Besides receiving calls from telemarketers, the phone calls most people dread receiving are the ones from debt collectors. “Hello, is this Bob Smith?” Your response, “Uh..Bob Smith is my brother. Who’s this?” Yes. Many of us have received that phone call for friends and relatives, and they don’t just usually call once either. Sometimes, they harass people who really have nothing to do with the supposed debt they are calling about. Not everyone knows what’s right or fair, and whether or not they are victims of a potential phishing scheme.
Here’s how you know:
- Collection agencies must provide a letter of confirmation. If a debt collector is genuine, they have 5 days from the date of their first phone call to send you a confirmation letter. The letter should not only show you the balance and demand payment, but it should also clearly state your rights, company contact info, and payment details.
- Verify their info and report them. Sometimes, debt agencies get your information wrong, and it happens. If your debt is legit, you need to confirm it’s not an outright scam by getting their complete info and doing a search. Some companies say they are calling from an attorney’s office. Get the attorney’s name and details, and check out their name with your state’s bar association. In a case where you suspect a scam, file a complaint with the police and the state attorney general’s office. If necessary, report bogus debt collection to the Federal Trade Commission.
- Request a credit report and check for inconsistencies. It’s important to get yearly credit reports to see what’s listed under your name. If you receive a call from a debt collector telling you that you owe money to another company. Get as many details as you can and check your credit report. Quite possibly, the debt was incorrectly reported to your report. This happens too and there are measures you can take to get rid of a debt that isn’t yours.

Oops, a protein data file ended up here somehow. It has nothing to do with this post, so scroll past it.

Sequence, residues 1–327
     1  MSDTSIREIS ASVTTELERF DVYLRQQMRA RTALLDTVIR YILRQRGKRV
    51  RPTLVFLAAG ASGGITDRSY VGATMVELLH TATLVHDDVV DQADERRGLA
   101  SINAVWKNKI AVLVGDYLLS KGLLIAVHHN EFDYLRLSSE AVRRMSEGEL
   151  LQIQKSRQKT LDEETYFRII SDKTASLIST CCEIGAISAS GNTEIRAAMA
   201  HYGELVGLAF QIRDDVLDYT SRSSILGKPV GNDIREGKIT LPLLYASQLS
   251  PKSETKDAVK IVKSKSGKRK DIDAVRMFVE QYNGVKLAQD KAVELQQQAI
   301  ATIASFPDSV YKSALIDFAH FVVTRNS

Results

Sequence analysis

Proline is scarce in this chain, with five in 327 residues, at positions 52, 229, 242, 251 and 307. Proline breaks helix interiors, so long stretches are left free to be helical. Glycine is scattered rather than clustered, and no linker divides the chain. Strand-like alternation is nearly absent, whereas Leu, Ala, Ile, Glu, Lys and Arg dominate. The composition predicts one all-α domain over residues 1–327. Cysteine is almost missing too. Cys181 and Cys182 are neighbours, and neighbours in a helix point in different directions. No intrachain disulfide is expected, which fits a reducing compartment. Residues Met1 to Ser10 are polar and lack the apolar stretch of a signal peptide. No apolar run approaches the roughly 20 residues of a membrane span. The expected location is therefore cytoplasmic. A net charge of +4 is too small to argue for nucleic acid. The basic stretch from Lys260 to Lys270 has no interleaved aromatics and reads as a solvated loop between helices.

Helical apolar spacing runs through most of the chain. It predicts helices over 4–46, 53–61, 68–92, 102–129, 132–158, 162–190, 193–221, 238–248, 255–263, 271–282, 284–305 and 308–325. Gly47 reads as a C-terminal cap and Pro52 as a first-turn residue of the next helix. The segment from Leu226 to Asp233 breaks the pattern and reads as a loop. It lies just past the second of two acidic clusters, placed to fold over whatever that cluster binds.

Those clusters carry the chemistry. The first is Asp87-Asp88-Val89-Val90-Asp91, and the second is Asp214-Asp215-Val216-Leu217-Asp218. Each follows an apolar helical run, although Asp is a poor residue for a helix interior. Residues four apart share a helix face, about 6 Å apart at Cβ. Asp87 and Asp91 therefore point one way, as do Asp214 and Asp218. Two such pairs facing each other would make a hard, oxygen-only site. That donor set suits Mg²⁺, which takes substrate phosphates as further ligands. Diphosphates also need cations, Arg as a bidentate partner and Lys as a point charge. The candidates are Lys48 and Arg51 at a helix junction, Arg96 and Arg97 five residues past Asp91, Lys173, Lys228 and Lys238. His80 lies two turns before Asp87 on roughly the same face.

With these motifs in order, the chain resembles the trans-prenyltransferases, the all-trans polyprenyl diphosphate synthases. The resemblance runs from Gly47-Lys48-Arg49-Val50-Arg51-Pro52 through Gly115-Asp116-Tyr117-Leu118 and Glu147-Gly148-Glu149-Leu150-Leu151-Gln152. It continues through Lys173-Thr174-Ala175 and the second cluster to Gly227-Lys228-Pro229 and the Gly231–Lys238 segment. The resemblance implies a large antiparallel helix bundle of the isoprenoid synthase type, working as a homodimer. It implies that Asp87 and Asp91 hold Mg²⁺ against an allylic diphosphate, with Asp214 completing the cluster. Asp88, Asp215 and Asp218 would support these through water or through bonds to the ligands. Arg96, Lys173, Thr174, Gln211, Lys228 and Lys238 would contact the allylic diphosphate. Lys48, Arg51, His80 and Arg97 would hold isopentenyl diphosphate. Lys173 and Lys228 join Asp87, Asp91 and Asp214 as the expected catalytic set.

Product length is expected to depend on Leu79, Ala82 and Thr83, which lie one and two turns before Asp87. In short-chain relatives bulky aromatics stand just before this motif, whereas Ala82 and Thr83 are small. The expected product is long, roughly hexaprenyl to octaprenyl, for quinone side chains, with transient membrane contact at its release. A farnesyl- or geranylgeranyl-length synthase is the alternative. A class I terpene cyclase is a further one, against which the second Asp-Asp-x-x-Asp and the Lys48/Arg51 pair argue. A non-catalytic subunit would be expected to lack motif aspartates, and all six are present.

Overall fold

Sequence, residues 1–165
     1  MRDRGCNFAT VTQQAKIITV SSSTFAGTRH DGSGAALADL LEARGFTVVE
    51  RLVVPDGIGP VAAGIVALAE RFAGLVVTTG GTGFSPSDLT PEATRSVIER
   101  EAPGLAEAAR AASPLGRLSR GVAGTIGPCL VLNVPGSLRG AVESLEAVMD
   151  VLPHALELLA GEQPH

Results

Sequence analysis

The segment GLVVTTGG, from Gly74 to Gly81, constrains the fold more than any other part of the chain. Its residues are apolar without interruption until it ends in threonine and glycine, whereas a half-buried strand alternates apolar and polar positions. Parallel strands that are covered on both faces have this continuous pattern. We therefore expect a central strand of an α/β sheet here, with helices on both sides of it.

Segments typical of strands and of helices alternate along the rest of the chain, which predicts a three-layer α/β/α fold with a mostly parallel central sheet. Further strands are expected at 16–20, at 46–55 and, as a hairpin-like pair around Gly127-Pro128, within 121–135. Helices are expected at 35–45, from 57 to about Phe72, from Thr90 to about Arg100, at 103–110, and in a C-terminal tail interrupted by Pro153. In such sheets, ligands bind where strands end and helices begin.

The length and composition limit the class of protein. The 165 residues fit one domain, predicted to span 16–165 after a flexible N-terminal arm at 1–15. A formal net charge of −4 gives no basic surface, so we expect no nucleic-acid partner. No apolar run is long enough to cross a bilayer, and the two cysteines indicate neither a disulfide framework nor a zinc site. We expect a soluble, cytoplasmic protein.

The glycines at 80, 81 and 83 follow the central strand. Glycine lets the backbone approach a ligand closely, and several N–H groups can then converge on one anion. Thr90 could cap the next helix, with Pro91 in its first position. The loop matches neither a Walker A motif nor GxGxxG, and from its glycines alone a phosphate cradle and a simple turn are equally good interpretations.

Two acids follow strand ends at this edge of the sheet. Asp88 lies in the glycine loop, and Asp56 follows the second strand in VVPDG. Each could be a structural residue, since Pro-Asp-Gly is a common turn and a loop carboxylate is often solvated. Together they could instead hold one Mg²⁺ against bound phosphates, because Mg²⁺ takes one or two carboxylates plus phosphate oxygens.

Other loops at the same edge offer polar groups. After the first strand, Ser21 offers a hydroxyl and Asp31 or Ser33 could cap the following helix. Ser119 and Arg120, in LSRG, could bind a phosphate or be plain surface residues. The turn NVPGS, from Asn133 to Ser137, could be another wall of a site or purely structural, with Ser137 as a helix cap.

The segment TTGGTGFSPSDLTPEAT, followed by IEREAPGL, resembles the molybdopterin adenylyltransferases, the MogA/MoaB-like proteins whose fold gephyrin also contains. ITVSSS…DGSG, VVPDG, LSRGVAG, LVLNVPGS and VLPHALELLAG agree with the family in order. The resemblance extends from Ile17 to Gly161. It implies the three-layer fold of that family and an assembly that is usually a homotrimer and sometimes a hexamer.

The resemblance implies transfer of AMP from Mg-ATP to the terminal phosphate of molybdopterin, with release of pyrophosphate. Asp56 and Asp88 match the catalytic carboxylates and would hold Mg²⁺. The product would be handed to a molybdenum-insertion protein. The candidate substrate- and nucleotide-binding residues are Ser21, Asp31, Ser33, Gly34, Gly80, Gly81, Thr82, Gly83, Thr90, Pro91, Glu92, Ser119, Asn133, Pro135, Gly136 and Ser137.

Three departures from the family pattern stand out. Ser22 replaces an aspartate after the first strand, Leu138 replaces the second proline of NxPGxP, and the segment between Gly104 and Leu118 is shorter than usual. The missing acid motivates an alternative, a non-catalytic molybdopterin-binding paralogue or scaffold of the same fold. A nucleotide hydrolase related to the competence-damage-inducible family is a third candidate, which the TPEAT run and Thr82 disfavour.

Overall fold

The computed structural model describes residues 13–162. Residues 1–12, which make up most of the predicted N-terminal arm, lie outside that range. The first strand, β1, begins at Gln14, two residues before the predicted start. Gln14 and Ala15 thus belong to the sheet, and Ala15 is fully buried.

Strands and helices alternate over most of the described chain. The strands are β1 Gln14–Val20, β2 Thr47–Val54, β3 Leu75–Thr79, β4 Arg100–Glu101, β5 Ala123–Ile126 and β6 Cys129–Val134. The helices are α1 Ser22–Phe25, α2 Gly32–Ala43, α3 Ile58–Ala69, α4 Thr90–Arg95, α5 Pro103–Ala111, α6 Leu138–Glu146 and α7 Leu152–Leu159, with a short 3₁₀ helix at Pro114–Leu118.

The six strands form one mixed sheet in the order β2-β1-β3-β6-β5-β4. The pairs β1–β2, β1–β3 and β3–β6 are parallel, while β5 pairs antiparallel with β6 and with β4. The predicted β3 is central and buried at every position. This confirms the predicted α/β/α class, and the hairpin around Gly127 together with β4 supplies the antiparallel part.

- All debt has a statute of limitations. Collectors cannot collect a debt once it has reached the statute of limitations. Check with your state’s laws on what their statute of limitations are. Often, agencies will try and trick you into reactivating your debt by making a payment. This will restart the statute of limitations over again, and they will definitely have the go-ahead to demand payment from you going forward. If the debt is on your credit report even though the statute of limitations now applies, there’s not much you can do because it’s not required to come off your report until it reaches the seven-year mark.
- Request proof of your debt in writing. In other words, once you’ve received notification of your debt, you have 30 days to request proof that the debt is actually yours. Until a debt collector can actually prove that a debt belongs to you, they have to hold off on collecting for the time being.
- Hire an attorney. If you’re unsure of a collection agency and how they have treated you, contact an attorney that specializes in fair debt collection practices. They may be able to help take your issue a step further if necessary.